Label Process Series LPS2011-02, Guidance to Improve Statements on Labels of Domestic Class Pest Control Products

Pest Management Regulatory Agency
16 June 2011
ISSN: 1925-3281 (PDF version)
Catalogue number: H113-20/2011-2E-PDF (PDF version)

Table of Contents

The purpose of this document is to provide guidance to industry and other interested parties on the development of pest control product labels for the Canadian marketplace. It presents guiding principles and recommendations for writing clear and understandable instructions for Domestic Class pest control product labels.

1.0 Background

The principal purpose of the  Pest Control Products Act is to protect people and the environment from the risks associated with the use of pest control products. Pest control product labels are intended to play a vital role in that regard by communicating appropriate information to those who use pesticides registered under the Act.

The need to read pest control product label instructions is emphasized on the front panel of pest control products sold in Canada with the statement "READ THE LABEL BEFORE USING". The PMRA further emphasizes the need to read all label instructions and precautions carefully before using a pesticide on its website and in all its Pest Notes publications.

Pesticide labels also meet the manufacturer's legal obligation to warn consumers of the hazards associated with the product and the government's regulatory requirements for providing certain information. As such, the instructions provided on these labels need to be clear and understandable so that consumers can use them safely and effectively.

This document presents guidance for applicants and registrants, as well as PMRA reviewers, who are developing instructions and text for Domestic Class pest control product labels, and recommends ways to help ensure that the written information on the label is easily understandable.

2.0 Introduction

In 2002, the Federal Provincial Territorial Committee on Pest Management and PesticidesFootnote 1 recommended that guidance for improving label statements be produced by using the recommendations of the Consumer Labeling Initiative developed by the  United States Environmental Protection Agency (USEPA) with industry, American federal and state agencies, and private groups. In 2003, Canada's Commissioner of the Environment and Sustainable Development was also concerned about pest control product labels being too vague, complicated and hard to follow.

To address these concerns, the PMRA established an internal working group and tasked it with compiling and reviewing all commonly used mandatory and non-mandatory statements with the objective of simplifying them. Mandatory statements are considered to be those required under the  Pest Control Products Regulations or prescribed in PMRA regulatory documents and directives. Non-mandatory statements are product-specific statements made by the manufacturer, and are frequently part of the Directions for Use section.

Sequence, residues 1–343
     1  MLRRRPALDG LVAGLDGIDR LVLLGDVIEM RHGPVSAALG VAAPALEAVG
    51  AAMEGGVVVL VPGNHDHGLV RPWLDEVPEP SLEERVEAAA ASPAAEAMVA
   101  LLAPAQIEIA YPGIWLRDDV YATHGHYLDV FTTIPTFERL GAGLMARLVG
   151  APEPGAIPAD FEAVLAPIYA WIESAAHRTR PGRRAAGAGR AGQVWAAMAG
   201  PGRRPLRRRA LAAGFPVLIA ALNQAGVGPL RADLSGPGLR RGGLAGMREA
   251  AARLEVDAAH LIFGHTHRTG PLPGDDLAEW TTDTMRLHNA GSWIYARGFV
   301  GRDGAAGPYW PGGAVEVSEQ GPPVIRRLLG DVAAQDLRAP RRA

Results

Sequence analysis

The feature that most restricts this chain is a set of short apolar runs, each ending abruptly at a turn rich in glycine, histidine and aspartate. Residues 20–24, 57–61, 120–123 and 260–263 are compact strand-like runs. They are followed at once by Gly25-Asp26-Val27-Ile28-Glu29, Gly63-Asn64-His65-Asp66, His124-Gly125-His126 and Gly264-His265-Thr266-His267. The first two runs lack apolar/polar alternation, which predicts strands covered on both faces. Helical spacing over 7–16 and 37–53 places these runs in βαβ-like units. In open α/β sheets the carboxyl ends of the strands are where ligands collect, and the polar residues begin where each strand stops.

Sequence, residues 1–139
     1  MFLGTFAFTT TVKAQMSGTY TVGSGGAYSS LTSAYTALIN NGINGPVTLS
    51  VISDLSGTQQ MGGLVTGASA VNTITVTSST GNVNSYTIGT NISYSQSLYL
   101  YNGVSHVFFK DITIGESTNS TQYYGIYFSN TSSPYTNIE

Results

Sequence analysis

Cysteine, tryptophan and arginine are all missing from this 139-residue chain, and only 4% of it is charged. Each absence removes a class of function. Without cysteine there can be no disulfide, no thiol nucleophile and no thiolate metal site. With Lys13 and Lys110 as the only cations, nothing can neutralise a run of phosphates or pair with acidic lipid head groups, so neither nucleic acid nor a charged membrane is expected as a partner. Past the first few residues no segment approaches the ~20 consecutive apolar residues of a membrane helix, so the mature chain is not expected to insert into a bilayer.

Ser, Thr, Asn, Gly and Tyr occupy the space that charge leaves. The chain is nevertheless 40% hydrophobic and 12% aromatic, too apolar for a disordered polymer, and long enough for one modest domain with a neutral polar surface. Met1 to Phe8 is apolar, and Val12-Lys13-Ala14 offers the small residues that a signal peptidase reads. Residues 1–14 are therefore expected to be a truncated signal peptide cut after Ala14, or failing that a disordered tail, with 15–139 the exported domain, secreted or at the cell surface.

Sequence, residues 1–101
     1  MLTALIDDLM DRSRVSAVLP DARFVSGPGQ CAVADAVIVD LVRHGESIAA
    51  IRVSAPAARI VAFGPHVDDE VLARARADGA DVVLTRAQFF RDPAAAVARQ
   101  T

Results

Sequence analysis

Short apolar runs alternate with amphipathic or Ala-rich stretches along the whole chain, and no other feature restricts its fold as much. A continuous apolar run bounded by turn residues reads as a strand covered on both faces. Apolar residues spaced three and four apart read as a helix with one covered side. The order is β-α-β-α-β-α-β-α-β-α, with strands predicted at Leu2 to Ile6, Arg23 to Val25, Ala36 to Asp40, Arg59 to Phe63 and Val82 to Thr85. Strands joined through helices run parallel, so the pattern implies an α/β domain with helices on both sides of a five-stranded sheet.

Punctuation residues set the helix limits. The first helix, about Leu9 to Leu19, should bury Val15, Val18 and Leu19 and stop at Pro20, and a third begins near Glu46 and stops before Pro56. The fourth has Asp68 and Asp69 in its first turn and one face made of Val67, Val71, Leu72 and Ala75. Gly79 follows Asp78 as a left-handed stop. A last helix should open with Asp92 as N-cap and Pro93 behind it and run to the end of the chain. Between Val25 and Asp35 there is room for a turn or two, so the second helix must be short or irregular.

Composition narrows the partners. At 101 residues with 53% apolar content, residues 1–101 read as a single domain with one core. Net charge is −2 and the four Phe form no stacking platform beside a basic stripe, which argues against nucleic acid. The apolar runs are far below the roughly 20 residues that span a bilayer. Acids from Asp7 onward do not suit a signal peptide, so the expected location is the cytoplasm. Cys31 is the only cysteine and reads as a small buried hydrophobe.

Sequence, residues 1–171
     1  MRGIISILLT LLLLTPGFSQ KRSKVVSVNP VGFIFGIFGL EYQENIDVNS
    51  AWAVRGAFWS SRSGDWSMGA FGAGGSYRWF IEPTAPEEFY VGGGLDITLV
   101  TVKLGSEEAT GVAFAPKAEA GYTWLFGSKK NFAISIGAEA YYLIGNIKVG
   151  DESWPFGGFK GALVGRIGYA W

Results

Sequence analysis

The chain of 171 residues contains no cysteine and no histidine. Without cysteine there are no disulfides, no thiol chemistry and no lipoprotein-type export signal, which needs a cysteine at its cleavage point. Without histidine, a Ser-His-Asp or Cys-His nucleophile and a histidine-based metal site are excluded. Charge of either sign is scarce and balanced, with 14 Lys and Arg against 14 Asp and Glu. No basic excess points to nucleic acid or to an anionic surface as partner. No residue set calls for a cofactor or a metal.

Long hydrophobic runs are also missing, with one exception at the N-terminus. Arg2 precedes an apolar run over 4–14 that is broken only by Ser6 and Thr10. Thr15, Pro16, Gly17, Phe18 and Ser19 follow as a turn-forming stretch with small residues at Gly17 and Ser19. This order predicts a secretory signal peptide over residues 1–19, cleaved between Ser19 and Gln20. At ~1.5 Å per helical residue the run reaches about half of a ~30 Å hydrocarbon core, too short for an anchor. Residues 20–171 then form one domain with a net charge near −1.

In 2004, the PMRA engaged a clear language consultant to help develop alternatives for label statements identified by the internal working group as problematic. The Agency also contracted a market-research company in 2007 to conduct focus groups across the country and test the alternative, clear language statements that were developed, the statements preferred by the USEPA Consumer Labeling Initiative, and statements commonly found on pesticide labels in Canada. Focus group participants included a broad cross-section of Canadians.

This document recommends guiding principles to improve non-mandatory use statements and the Directions for Use on Domestic Class pesticides. There are many similarities between the principles applied by the Canadian clear language consultant, the recommendations of the USEPA Consumer Labeling Initiative, and the suggestions provided by participants in the 2007 Canadian focus group testing (see Appendix I). Based on a comparison of these, the PMRA is recommending the following six principles for writing clear language label statements.

  • Be Direct - Use the active voice and speak directly to the reader using personal pronouns.
  • Keep it Short - Break up long sentences and don't add unnecessary sentences.
  • Be Specific - Use specific words and focus on the action required.
  • Keep it Simple - Avoid overly technical terms. Use common, gender-neutral, familiar language, and limit abbreviations and acronyms to write to the lowest reading level.
  • Be Consistent - Use terminology consistently, especially for describing chemical ingredients.
  • Use Proper Grammar - Avoid using multiple negatives and noun strings. Don't leave out words that help the reader to understand the meaning.
Examples of how the six principles for writing clear language label statements apply to non-mandatory label statements are presented in table format. Examples of statements currently found on registered Domestic Class pesticides, termed Original Text, appear in the left-hand column beside examples of how the clear language principles are being applied, termed Clear Language Text.
Original Text Clear Language Text
Do not use undiluted. Always dilute this product before use.

The examples in this document are not intended to be prescriptive, but to help registrants improve the clarity of non-mandatory statements on labels of Domestic Class pest control products. The PMRA is also recommending clarification of certain vague and unfamiliar words currently found on registered Domestic Class pesticides. This should further contribute to improving the comprehensibility of use statements on Domestic Class pesticide labels.